The Oberlin Review

In the Locker Room with Jackson Meredith and John Crittenden

This week, the Review caught up with Jackson Meredith and John Crittenden, senior members of the Billy Goats Gruff, the men’s rugby team. Meredith, majoring in Politics and Law and Society, and Crittenden, majoring in Politics and History, discussed the unique blend of naked laps and taxidermied goat heads that comprises men’s rugby culture at Oberlin. The Gruffs can be seen Saturday at 1 p.m. on North Fields as they face Ohio Northern University.

Madeleine O'Meara, Sports Editor

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Why did you decide to play rugby at Oberlin?

Jackson Meredith: Well, I played rugby in high school for four years. We had a really good team. I didn’t think I was going to play at Oberlin because it was a college sport and I didn’t know if I would have time, but my hallmate, Avery Harrison [OC ’10], came to my door on the first day [of practice] and was like, “Hey man, let’s do it.” And I’ve been playing since then.

John Crittenden: I actually also played in high school for three years and was planning on playing. I was approached by Joe Sheeran [OC ’12], on the Facebook page and he was recruiting people. Then I met up with him and some other rugby players the first night of orientation, so I pretty much immediately knew that’s what I was doing.

Do you feel that rugby culture is different from varsity sports culture at Oberlin and mainstream sports culture in general?

JM: Yes. Since rugby’s a club sport, it’s a lot more relaxed than varsity sports. Friends I have that [play] varsity sports have a much greater time commitment [and] not as much leeway for missing games or practices. The rugby team… we take what we can get. If you show up we’re happy with that. Also, after the games we hang out with the other teams for a couple hours and get to know them.

JC: I think besides the time commitment thing, which is pretty obvious, the camaraderie between teams is pretty evident. I think that’s something unique to rugby.

Tell me a little more about the rugby mascot and how that figures into the team identity.

JM: Well, back in 2006 when the team was started again, the people who were on the team narrowed it down to two mascots. They voted for it, [and] the two mascots were [going to be] either the Oberlin College Billy Goats Gruff, which we are now, or the Oberlin College Fighting Fairies. The Gruffs won by one vote. So we were almost the Fighting Fairies. Then, a couple years ago, some senior guys on the team went out to the middle of Ohio and bought a taxidermied goat head, [which they] named Wilbur. That’s our actual mascot, so we have that going for us.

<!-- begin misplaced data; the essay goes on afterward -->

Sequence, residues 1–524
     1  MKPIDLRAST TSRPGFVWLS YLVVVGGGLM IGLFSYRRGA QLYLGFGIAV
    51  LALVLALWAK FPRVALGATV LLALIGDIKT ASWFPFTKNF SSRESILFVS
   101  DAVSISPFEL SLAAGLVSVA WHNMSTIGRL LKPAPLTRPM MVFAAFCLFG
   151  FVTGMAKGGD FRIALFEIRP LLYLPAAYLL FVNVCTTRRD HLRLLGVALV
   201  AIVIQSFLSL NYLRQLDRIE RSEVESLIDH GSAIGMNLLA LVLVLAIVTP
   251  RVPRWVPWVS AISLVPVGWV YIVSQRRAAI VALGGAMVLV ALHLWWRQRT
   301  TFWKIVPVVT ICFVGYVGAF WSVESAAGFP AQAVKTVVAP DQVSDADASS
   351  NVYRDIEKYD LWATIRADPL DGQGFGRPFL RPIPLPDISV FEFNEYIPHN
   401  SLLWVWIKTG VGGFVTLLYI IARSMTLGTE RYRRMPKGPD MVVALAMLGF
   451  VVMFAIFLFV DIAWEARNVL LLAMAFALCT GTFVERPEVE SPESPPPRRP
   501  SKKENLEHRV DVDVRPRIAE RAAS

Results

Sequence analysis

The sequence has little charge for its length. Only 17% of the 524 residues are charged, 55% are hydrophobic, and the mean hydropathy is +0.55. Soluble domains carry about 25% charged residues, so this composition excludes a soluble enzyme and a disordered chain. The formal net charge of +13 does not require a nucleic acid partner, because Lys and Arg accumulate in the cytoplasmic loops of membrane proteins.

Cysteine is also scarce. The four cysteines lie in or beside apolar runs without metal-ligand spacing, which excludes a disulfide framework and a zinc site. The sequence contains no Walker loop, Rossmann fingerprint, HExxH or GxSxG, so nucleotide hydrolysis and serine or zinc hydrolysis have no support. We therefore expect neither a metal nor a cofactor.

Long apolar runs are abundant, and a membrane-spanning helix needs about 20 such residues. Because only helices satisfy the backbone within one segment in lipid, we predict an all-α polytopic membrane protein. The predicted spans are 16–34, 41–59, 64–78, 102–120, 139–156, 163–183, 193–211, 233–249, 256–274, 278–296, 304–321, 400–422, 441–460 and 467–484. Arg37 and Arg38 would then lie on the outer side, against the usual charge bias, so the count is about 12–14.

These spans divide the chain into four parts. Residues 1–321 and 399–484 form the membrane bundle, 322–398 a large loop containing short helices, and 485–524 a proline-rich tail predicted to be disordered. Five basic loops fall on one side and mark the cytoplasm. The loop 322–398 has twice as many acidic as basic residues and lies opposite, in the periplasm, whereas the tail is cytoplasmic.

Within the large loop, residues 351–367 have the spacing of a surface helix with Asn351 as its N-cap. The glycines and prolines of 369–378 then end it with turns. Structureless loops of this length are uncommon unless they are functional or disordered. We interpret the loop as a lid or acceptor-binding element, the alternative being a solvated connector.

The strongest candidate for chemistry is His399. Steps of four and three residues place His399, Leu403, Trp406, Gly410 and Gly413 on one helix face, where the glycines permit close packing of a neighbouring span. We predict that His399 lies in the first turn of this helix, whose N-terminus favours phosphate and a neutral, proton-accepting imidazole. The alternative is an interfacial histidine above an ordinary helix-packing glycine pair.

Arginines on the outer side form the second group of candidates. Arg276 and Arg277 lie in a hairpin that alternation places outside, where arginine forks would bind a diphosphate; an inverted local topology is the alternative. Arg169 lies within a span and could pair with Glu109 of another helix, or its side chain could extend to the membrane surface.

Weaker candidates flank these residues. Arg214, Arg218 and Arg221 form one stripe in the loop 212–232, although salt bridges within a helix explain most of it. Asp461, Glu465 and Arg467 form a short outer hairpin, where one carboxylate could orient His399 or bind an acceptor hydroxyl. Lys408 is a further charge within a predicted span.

So how do you decide who gets the goat head?

JM: Usually it’s the senior members of the team.

JC: Anyone who has a nice house will end up getting it. Wilbur’s kind of picky, he needs to have adequate living space.

JM: It’s also an award. The Spirit of the Game award, which is just the person who is an all-around good guy, a good academic and is good at rugby.

JC: Someone who personifies the spirit of the Gruffs.

What are some other traditions and rituals that your team has?

JC: Well before games we have a cheer that we always do. We used to have someone who would come out and play bagpipes. What’s the song?

JM: “Scotland the Brave.”

JC: Yeah, “Scotland the Brave.” But we don’t really have somebody to do that anymore, so we just sort of hum it. And we have a chant to get people fired up.

JM: Other rugby traditions — there’s something called a zulu, which is [when] you score your first try [of] your [college] career, you have to run a naked lap at the end of the game.

In front of everyone?

JM: Yeah.

Do you run it with other people who have also scored their first try?

JC: Yeah, you try to get a nice group.

What has been a favorite rugby moment?

JM: When I got to the team we were really, really bad. Abysmal — didn’t even come close to winning a game. Slowly, we moved up and started taking things more seriously, and about two years ago, we really turned the team around. We changed the way practices were run [and] what it was like to be on the team, and since then we’ve had winning seasons. That’s a really good part for me.

JC: It’s hard for me to pick out a specific moment because [everything] kind of blends together and I’ve enjoyed all of it, but I think beating Kenyon [College] for the first time last year has been one of my favorites.

JM: Yeah, they’re our rivals. Before that, the closest we’d come to beating them was losing 10–45.

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